Legumes have a key role to play in agriculture transition towards greater sustainability, due to their ability to provide ecosystem services. However, choosing the right grain legumes to provide specific ecosystem services remains difficult because references are lacking for a diversity of species. Guinet et al. characterized and distinguished ten-grain legumes according to their ability to deliver contrasted nitrogen-related ecosystem services. Their study provides a rationale for choosing legumes species according to intended objectives and for adjusting N management in cropping systems.
Food security and environmental protection require optimizing crop N fertilization. Scientists Wang et al. reviewed studies on Chinese potato production to determine the optimal N-fertilization rate at a regional scale. The recommended rate improved N use efficiency and agronomic efficiency without sacrificing potato yield. These practices establish a reasonable trade-off between potato production and N-fertilizer management for the development of more sustainable agricultural systems.
Cover crops are gaining in popularity for their positive effects in agroecosystems, especially under organic farming and in low-input agriculture. Based on a 3-year field experiment, scientists Scavo et al. found that self-residing subterranean clover with the incorporation of dead mulches into the soil reduced weeds and increased the soil nitrogen. These results are useful for reducing the utilization of synthetic herbicides and mineral nitrogen fertilizers in Méditerranéenne orchards.
Intercropping or cultivating simultaneously more than one species on the same land is a means of improving resource use in agriculture. In a recent analysis, scientists Jensen et al. revealed that intercropping grain legumes with cereals could reduce the requirement for synthetic N-fertilizer by 26% on a global scale, thus allowing important net land saving. Intercropping supports, therefore, the development of more sustainable cropping systems.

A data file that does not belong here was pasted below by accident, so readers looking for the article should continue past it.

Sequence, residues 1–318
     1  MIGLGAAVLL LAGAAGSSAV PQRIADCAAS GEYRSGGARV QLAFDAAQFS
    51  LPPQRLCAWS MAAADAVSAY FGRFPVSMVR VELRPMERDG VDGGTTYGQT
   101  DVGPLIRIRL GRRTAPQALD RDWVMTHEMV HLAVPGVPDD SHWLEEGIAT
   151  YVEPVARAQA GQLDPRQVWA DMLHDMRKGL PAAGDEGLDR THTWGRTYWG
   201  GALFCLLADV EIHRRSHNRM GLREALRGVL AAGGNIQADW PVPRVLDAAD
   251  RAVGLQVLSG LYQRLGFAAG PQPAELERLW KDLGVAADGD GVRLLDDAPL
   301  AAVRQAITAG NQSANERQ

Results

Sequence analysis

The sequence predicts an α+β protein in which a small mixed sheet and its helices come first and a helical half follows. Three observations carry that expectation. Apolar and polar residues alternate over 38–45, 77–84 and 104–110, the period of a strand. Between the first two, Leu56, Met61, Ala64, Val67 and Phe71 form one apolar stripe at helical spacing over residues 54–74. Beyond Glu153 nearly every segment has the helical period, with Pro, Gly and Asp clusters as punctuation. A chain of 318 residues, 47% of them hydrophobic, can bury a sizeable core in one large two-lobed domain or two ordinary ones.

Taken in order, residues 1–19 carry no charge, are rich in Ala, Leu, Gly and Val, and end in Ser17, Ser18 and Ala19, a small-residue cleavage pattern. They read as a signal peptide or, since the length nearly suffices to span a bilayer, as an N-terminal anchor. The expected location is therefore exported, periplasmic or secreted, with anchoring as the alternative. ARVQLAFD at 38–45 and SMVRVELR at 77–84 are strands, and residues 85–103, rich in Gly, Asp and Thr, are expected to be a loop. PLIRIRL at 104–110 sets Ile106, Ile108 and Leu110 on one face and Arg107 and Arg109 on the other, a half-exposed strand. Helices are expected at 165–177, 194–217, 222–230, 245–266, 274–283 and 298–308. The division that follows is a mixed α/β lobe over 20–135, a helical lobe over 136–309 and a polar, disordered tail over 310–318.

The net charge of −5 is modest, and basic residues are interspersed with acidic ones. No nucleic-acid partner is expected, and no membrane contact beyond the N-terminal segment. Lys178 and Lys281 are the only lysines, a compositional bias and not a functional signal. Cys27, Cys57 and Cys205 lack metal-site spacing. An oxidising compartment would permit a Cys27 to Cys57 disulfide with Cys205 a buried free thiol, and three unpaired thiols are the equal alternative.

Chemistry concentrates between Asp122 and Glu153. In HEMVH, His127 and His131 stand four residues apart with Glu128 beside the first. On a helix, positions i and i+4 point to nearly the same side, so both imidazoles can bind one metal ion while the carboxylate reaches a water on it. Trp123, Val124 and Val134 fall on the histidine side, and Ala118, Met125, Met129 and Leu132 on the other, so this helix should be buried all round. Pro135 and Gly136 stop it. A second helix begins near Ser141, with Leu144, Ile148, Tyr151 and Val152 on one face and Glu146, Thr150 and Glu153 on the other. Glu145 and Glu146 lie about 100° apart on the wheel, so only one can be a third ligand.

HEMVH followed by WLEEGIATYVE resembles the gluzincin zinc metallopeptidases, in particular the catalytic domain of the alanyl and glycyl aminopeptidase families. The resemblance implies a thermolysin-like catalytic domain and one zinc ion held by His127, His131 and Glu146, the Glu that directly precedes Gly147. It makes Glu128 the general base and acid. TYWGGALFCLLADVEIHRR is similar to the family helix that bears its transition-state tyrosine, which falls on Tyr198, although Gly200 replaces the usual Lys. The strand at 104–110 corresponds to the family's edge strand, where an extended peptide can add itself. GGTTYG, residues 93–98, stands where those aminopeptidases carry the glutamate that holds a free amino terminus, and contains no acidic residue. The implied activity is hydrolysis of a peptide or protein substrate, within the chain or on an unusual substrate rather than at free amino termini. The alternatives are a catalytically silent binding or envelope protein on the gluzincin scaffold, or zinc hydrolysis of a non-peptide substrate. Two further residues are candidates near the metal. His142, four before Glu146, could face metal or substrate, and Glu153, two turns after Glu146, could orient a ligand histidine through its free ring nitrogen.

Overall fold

Agriculture has to reduce synthetic inputs. Consequently, ecological processes and alternative agricultural practices will become the main regulators of carbon (C), nitrogen (N) and phosphorus (P) in cropped soils. Scientists Bertrand et al. recently observed that soil C storage is constrained by N and P supplies in various agricultural situations. Several agroecological practices that improve nutrient recycling can resolve this constraint.
In sub-Saharan Africa, rapid-growing cities generate increasing volumes of organic wastes that can be recycled and transformed into organic fertilizers. Scientists Thuriès et al. found considerable variability and discrepancy in both agronomic and economic values of these wastes. Their results suggest that the composting process needs to be improved. They reckoned that the humus potential should be calculated to assess more accurately the amendment value and used to adjust their market price.
Biochar is a technology proposed to mitigate climate change, improve soil fertility, energy production, and organic waste treatment. Scientists Müller et al. showed how a place-based assessment and a local knowledge analysis allow designing sustainable biochar systems in South India. Combined with agronomical and biogeochemical evaluations of the biochar effect on soil, this new approach will improve biochar development in tropical regions and beyond.
Sustainable nutrient management requires timely diagnostic of crop nutrition status to support yield while avoiding over- and under-fertilization and their associated environmental impacts. Lemaire et al. reviewed the concept of N, P, and K accumulation in proportion to crop growth and their allocation within plants and canopies. They show their potential usage to diagnose crop nutrition status, to analyze genotype-environment-management interactions driving crop yield and to phenotype crops.
In tropical agroforestry systems, the appropriate nutrient prescription is a challenge due to natural environmental heterogeneity and variable nutrient acquisition strategies between species. Scientists Borden and Isaac used a novel approach to monitor root response of cocoa to fertilizers. They showed that the analysis of root trait expression can be used to improve nutrient management in agroforestry systems.
The immature (i.e. unproductive) period of rubber tree plantations is the most critical period for nutrient management and a key determinant of future yields. Scientists Vrignon-Brenas et al. reviewed current fertilization practices, soil management and nutrient dynamics in immature plantations. Improvement is possible by use of agroecological practices such as intercropping and the development of a nutrient budget approach.